From The Rector’s Desk – 14 April 2019

One thing that Palm Sunday always reminds me of is that in life there are always two narratives going on, the one is about what I think is going on, one filled with what I think is grandeur, glory and personal fulfillment, filled with palms and shouts of hosanna and a crowd marching, and the other is about what God is doing, about what is really going on, humility and self sacrifice and giving, and love for others, as God intervenes in our everyday lives and reorders, rearranges and re-prioritizes our existence. Walking with Jesus means that very often we won’t understand what is going on immediately, we won’t gather the full meaning, until after the fact, but Jesus knows exactly what He is doing and  why He is doing it, when He is doing it. Going into Jerusalem that day the people were welcoming their King, ( an act that could have caused the Romans to send out the troops and squash a potential rebellion) but  Jesus didn’t stop them even though they didn’t understand exactly what was about to happen, in fact He said that the very stones would sing, if the people refrained.

When one knows the outcome, the way that we approach things is very different to when we are uncertain of the outcome. Our expectations of someone or something contribute to how we react and interact with the situation. Those that we read about in scripture did not have the luxury of knowing the outcome, even though it had been foretold. We do know, and so that way that we should approach the story, the narrative is to allow our certainty to change the way that we act when faced with the Narrative of God saving the world.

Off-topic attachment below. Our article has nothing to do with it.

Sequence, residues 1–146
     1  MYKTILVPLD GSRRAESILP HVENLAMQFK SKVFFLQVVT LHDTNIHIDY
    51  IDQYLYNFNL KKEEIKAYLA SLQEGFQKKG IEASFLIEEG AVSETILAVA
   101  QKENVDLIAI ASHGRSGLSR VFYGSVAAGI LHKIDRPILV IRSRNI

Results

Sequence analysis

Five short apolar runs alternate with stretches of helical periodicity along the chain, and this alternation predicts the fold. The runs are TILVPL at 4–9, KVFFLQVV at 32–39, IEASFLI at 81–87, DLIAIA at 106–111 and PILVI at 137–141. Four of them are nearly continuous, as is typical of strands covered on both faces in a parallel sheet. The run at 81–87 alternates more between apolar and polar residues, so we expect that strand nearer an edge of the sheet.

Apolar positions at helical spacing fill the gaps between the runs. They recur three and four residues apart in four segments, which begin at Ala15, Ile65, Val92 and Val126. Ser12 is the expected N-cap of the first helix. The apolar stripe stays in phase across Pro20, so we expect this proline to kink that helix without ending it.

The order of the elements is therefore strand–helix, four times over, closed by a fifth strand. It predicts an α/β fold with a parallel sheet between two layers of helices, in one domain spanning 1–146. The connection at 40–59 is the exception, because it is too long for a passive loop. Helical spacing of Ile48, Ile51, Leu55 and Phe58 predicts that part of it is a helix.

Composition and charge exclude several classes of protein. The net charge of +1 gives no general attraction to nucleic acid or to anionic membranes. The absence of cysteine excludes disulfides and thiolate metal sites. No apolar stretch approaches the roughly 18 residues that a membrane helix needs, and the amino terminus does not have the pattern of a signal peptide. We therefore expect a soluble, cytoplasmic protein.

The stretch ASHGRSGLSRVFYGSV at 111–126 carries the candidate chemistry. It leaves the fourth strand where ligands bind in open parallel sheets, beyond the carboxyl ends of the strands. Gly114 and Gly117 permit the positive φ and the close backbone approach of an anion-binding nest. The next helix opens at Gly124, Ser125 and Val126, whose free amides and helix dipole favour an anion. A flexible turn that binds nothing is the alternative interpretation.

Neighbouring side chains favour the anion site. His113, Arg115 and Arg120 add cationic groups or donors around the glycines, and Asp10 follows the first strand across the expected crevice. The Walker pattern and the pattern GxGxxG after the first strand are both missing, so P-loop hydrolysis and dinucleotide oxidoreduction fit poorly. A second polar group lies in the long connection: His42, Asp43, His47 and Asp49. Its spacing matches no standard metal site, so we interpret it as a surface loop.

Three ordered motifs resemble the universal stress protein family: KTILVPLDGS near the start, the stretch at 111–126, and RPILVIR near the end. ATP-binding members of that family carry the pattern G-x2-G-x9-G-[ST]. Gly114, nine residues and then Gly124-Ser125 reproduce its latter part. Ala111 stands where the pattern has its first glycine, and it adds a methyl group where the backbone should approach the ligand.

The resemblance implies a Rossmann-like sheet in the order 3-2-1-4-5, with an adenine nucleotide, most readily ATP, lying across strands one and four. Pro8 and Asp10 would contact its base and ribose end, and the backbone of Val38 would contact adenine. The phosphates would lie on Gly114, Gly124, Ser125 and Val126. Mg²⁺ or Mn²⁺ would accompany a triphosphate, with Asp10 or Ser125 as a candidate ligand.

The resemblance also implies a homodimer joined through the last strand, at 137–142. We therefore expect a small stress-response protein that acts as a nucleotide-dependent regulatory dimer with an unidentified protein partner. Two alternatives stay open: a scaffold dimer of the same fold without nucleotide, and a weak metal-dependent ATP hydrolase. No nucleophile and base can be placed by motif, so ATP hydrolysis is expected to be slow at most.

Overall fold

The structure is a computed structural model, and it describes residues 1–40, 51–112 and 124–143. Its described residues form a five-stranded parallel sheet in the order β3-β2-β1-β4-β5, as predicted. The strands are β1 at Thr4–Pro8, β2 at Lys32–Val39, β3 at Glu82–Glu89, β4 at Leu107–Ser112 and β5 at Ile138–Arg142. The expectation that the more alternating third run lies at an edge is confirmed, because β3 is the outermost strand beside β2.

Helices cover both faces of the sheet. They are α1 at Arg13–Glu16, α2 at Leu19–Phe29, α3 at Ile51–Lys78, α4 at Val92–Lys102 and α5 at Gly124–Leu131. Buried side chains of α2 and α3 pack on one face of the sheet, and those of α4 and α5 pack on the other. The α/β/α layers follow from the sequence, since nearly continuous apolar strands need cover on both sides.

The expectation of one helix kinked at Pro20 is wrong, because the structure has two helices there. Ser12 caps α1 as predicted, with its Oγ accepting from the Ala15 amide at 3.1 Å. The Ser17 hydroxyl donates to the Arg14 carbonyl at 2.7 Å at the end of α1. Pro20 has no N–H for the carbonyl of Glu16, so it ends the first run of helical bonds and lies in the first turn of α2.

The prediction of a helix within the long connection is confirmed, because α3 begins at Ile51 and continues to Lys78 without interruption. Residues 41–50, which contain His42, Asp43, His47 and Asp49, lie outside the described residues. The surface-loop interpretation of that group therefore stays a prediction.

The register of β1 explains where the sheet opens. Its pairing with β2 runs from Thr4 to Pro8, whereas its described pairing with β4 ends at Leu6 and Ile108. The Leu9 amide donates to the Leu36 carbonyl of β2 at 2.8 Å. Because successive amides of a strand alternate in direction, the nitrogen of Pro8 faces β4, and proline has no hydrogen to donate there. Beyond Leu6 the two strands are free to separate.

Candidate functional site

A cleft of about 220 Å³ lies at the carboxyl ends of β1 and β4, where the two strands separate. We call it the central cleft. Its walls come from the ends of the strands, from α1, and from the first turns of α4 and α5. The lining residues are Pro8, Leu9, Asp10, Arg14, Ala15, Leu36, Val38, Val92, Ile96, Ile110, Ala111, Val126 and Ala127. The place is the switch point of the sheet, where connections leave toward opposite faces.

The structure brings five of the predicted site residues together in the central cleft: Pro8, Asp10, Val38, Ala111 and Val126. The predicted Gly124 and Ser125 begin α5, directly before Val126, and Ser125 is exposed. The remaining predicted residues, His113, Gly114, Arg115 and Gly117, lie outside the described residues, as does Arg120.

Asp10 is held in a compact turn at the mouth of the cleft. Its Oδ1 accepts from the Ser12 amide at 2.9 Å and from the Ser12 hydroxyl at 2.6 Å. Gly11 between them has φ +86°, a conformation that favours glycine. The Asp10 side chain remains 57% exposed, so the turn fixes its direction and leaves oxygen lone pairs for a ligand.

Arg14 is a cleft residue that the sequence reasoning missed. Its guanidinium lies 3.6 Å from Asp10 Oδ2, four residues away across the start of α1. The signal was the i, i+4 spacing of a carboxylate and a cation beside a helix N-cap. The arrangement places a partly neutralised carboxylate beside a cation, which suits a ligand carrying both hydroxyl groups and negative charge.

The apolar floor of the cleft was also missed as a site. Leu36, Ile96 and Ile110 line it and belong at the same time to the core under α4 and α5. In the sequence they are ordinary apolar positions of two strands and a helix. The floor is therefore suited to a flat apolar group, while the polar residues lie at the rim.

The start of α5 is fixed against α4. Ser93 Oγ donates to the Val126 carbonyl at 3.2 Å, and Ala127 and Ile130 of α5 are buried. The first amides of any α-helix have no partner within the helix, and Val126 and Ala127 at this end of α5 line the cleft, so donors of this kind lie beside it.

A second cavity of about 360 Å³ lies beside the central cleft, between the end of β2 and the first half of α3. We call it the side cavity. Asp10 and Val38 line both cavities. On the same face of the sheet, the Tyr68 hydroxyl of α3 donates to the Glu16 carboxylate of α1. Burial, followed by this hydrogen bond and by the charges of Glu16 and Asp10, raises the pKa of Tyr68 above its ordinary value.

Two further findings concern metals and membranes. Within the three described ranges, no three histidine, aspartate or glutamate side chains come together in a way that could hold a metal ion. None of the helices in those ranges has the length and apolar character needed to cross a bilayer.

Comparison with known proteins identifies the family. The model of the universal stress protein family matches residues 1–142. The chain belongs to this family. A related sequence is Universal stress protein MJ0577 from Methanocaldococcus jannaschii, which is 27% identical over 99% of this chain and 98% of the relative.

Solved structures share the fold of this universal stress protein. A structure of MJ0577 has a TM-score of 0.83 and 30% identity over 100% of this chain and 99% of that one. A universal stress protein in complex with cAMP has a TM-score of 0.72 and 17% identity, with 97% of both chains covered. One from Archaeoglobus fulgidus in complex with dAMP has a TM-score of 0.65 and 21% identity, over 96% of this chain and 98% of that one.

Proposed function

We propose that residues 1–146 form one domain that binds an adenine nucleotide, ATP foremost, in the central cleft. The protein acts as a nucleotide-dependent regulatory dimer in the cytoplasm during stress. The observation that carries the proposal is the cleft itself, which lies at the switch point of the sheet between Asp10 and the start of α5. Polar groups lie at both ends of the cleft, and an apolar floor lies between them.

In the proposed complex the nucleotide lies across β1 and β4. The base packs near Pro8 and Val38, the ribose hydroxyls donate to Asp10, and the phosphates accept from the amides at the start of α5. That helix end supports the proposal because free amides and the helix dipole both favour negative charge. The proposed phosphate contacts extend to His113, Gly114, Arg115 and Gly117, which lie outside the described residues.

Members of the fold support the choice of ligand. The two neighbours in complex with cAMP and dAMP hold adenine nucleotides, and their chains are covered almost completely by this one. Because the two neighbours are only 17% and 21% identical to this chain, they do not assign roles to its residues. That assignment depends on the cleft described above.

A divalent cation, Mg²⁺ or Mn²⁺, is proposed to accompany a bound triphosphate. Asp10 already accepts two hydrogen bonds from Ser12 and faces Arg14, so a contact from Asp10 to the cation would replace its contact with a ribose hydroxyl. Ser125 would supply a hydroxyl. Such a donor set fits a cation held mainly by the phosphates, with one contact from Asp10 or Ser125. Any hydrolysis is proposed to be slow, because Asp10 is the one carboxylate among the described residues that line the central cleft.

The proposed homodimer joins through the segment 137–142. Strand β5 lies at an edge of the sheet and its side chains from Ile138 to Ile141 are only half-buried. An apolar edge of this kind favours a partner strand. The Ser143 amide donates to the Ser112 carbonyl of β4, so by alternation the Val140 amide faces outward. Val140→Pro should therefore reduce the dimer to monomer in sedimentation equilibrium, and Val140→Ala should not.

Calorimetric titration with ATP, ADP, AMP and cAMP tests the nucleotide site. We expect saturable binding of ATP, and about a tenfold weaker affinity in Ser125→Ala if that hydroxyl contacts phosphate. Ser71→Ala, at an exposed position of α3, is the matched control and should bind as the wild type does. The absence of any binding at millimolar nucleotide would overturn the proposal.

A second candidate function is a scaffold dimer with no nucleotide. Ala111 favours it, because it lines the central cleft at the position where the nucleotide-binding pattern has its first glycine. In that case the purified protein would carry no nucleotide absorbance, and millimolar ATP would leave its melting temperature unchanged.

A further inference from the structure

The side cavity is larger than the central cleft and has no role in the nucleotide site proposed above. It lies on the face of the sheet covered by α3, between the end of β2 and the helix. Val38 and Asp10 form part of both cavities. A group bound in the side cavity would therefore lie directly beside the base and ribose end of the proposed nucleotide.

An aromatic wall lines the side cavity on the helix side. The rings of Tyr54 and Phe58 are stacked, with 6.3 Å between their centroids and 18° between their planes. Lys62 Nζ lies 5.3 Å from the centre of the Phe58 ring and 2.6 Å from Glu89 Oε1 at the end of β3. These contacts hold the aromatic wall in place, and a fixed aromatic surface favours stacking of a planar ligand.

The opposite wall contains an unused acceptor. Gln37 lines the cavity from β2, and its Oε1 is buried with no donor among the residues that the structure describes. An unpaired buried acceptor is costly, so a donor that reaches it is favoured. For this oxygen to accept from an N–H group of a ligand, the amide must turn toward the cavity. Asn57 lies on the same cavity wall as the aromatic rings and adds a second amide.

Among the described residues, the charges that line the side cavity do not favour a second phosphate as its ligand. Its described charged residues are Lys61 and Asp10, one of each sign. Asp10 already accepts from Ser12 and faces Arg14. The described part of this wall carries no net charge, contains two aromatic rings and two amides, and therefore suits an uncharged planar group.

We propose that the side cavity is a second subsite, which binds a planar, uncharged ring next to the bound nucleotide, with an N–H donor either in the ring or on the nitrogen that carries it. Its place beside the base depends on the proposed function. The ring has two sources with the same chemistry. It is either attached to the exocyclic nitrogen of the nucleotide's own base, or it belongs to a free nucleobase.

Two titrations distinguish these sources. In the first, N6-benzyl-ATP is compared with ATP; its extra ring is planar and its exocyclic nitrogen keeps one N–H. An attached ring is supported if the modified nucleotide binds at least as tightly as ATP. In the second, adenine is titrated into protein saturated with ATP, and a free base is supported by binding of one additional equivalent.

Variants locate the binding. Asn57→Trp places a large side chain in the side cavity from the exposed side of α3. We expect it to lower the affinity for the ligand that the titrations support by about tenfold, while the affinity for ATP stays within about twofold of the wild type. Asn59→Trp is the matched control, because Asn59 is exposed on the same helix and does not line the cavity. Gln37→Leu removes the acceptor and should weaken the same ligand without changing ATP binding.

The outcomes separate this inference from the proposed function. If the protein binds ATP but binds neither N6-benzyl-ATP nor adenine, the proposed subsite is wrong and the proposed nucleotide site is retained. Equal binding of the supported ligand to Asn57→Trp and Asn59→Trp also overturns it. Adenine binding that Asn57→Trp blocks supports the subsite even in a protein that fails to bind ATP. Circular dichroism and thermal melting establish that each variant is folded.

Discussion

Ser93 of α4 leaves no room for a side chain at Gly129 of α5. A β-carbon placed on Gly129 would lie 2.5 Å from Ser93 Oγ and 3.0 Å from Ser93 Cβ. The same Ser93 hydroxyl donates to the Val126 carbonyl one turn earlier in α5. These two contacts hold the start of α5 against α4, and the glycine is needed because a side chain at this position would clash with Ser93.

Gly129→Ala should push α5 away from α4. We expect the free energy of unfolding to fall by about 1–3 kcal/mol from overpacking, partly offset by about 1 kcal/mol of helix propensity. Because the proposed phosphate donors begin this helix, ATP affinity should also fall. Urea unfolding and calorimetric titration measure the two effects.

On Palm Sunday the people laying down their cloaks, were welcoming their King who was coming to overthrow the Roman Government.  A King coming to fulfill an ancient prophecy that they would be re-established as the political power of Israel, overthrowing the Romans and establishing the Kingdom of God. They were partly right! As Jesus entered Jerusalem He was coming to overthrow, but not the Roman Government, not earthly power, but the power of sin and death, the kingdom of this world was to be overthrown and the Kingdom of God re-established and He Himself would sit on the throne not in the earthly Jerusalem but in the New Jerusalem. King’s coming to celebrate victory would ride a white horse; King’s coming in peace would ride on a donkey.  Jesus is coming in humility, with great power, the power over death, hatred, fear,  abuse of power, self centeredness, and the desire for personal gain that leads to corruption. Jesus comes with the power of love!

So often in our own lives we are praising God expecting things to be done in a certain way only to find that what God is doing is much bigger and much broader with eternity in mind and not just the immediate. Power to give and to love not to overthrow and to dominate.

Palm Sunday is a great reminder that the narrative that we author in our own lives normally differs greatly from the narrative that God is unfolding in our lives. 

Jesus comes with great courage, He comes in love and gives Himself for the world.

If we are to walk with Jesus then we are to have great courage, and humility, and obedience to God and a willingness to serve others, even our enemies, sharing in Jesus’ death and then in His resurrection.

This Holy Week allow God to re-order your life story, to change your perspective on what life is all about. The hope for the world lies in a self-sacrificing love for the world , allow God to re-order your religion as He clears the Temple, weep with Jesus over Jerusalem (as you weep for our country and our world) allow God to re-order your life and to redefine your freedom as you share the Passover meal, allow God  to put to death the power of this world over your life on the Cross that sets you free, so that you can recommit to God as you  re-discover what it means to be crucified with Christ and resurrected in Him.

A blessed Holy Week to you!

Fr Andrew.

This entry was posted in From The Rector's Desk and tagged , , , , , , . Bookmark the permalink.

Leave a Reply

Your email address will not be published. Required fields are marked *